Drivers warned as road 'red carpets' being rolled out in Aussie towns

The simple red patch of road is being installed in more towns and localities around Queensland as authorities try to reduce rising road fatalities.

Roads pictured in western Queensland.
More Queensland towns will notice the red patch of road. Source: Queensland Government

It's probably not too hard to figure out what it means, but transport authorities are reminding drivers about a lesser-known road feature coming to more Australian towns.

In lieu of additional roadside signage, councils and state authorities are opting for less expensive, and arguably less obvious, ways to communicate with motorists. While some drivers were recently surprised to learn the meaning of a kerbside yellow line currently being embraced by one Sydney council, Queensland drivers are being told to watch out for the 'red carpet'.

Officially known as Town Entry Treatments (TETS), Transport and Main Roads Queensland alerted the public on Friday that the red sections of road are "being installed across 17 towns and localities" in the west of the state.

Sharing an image of the road fixture, the department said simple paint job plays "a crucial role in signalling motorists to decelerate".

"These visual cues are designed to enhance driver awareness and contribute to ensuring road safety within our rural communities," the department said."We urge all motorists to remain vigilant when encountering red road surfaces and adhere to the speed limit signs in place."

Painted yellow lines embraced by one Sydney council to deter parking (left) and the red section of road pictured to alert drivers to decelerate (right)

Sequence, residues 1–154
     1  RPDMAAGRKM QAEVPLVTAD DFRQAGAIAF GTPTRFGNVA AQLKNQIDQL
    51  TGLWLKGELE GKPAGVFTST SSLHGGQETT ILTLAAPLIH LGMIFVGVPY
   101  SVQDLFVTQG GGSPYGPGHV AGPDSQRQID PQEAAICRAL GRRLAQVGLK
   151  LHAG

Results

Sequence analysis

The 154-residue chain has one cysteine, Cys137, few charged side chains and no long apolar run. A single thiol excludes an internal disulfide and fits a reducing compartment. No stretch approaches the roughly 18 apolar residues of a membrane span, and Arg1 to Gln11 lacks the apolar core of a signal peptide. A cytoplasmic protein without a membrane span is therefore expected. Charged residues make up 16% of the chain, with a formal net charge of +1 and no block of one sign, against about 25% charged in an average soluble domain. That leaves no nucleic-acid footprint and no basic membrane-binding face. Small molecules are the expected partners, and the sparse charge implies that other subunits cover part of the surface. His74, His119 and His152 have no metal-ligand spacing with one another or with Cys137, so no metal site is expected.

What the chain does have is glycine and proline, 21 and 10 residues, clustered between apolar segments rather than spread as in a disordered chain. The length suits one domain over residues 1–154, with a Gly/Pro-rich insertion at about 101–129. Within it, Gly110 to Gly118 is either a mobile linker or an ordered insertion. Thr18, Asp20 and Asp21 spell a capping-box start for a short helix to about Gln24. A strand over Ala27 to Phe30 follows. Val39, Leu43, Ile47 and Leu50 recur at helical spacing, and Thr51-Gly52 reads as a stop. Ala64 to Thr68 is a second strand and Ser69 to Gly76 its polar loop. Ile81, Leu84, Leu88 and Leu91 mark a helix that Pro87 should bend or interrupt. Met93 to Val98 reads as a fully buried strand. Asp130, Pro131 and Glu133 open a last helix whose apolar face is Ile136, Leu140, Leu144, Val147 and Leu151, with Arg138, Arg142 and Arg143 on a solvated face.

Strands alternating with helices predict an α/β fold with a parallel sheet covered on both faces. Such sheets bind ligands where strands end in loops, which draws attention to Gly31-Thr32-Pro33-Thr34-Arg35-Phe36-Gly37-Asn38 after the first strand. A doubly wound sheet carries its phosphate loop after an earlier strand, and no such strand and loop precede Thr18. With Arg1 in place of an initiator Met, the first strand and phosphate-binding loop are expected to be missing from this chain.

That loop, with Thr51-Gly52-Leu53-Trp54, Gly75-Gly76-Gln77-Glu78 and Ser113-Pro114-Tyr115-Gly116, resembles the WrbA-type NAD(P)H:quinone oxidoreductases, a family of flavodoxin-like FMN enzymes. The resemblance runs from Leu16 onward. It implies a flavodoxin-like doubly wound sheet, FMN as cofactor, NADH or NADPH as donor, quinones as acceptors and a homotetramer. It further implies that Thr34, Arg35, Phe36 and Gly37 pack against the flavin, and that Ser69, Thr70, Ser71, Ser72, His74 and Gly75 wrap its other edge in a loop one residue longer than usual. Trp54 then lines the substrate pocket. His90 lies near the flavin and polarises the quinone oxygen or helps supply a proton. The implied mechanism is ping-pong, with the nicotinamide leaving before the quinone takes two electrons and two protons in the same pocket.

Painted yellow lines embraced by one Sydney council to deter parking (left) and the red section of road to alert drivers to decelerate (right). Source: Facebook/Queensland Government

Reacting to the post on Friday, overwhelmingly people said the simple red stretch of road was a "great idea".

"They are fantastic you can’t say that you didn’t see the speed signs," one person said.

"I love these, having travelled Australia they are a great cue to slow down," another agreed.

"In America they write the speed limit on the road. Australia should do the same to save so many sign posts," one user commented.

However some, including a motorcyclist and multiple Yahoo readers raised concerns that the painted section of road can become more slippery when wet, predominantly for those on two wheels. When approached by Yahoo News about this concern from motorcyclists, the department did not provide comment.

The safety initiative is funded by two separate projects, one fully funded by the Queensland Government under the Targeted Road Safety Program and another funded by the Federal Government. However as Australia deals with an alarming number of road deaths, state authorities are being urged be more transparent about "secretive" road crash data or risk having funding cut.

Last week, the Australian Automobile Association (AAA) welcomed a federal government push to force all states and territories to be transparent about road data or risk losing billions in commonwealth funding.

Federal Transport Minister Catherine King revealed the condition would be part of upcoming negotiations over $50 billion in road funding under the National Partnership Agreement.

Some $21 million will also be injected into the National Road Safety Data Hub as part of the upcoming federal budget to be handed down on Tuesday night.

"A clear picture, underpinned by data, about where best to target road safety funding will save lives and ensure we are investing in the projects that will make the biggest difference," King said. "States and territories, researchers and stakeholders, as well as the general public, will also benefit from increased access to national datasets."

The number of fatal road accidents jumped by 8.2 per cent year-on-year to the end of March, with 1286 fatalities, according to the AAA. It previously hit out at federal, state and territory governments for failing to release crucial data that could inform ways to reduce the road toll including the quality of roads, causes of fatal crashes and the effectiveness of law enforcement regimes.

with AAP

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